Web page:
Upon seeing this, the categorizers asked her to dress in sarees and to choose her role: a girl, wife, embroiderer, cook but she could never be herself and live life the way she wants. The categorizers refer to those people who categorize gender roles and follow them religiously. According to those categorizers, women should accept the role that is designed for her in society. Being a woman, they thought it is quintessential for her to choose a role in society.

          Kamala Das was asked not to sit on walls as it was against the role, or peep in through their lace-draped windows. She was asked not to pretend at schizophrenia. Schizophrenia is a mental disorder in which the person suffers from delusions and withdraws him/herself from reality. By acting as a male, she is not following the role of the female; she seems for them someone who has lost connection with reality. They even asked her not to cry out when she is abandoned suddenly in love.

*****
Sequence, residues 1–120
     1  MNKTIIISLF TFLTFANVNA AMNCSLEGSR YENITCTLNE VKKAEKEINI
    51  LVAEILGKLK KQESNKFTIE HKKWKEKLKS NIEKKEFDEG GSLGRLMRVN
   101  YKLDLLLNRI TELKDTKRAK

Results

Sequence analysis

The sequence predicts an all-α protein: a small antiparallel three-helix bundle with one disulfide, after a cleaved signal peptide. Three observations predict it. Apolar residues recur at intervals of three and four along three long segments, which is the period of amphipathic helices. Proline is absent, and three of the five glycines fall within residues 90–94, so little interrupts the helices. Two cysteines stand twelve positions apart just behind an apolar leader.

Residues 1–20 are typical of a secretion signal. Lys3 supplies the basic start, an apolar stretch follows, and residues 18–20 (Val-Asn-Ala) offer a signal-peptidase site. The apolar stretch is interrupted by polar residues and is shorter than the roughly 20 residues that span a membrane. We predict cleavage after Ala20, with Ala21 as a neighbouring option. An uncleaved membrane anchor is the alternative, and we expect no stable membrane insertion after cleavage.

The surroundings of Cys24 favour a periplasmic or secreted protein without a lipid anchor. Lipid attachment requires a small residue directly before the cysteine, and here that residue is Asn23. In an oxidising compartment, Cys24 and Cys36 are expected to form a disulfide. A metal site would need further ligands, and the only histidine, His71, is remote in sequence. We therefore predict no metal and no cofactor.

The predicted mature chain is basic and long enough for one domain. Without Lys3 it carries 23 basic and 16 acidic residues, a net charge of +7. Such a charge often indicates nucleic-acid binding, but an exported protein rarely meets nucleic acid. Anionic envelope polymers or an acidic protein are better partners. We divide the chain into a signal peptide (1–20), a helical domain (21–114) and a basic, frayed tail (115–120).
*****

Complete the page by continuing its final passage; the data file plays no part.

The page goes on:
Her Struggle to obtain “I”

          However, in between distress, she met a man whom she loved. She does not call him by any definite name, for her the man is everyman. He is like every man who is in need of a woman to quench the thirst of lust as every woman seeks love from a man. When she asks each man about their identity, the answer is ‘I’. It is the ‘I’ that is found in men. The ‘I’ or the supreme male ego is stuck to a male personality like “sword in its sheath”. Here she uses simile, just like a sword is always affixed to its sheath, in the same manner, the ‘I’ and male personality are always bound together.

Gender Biasness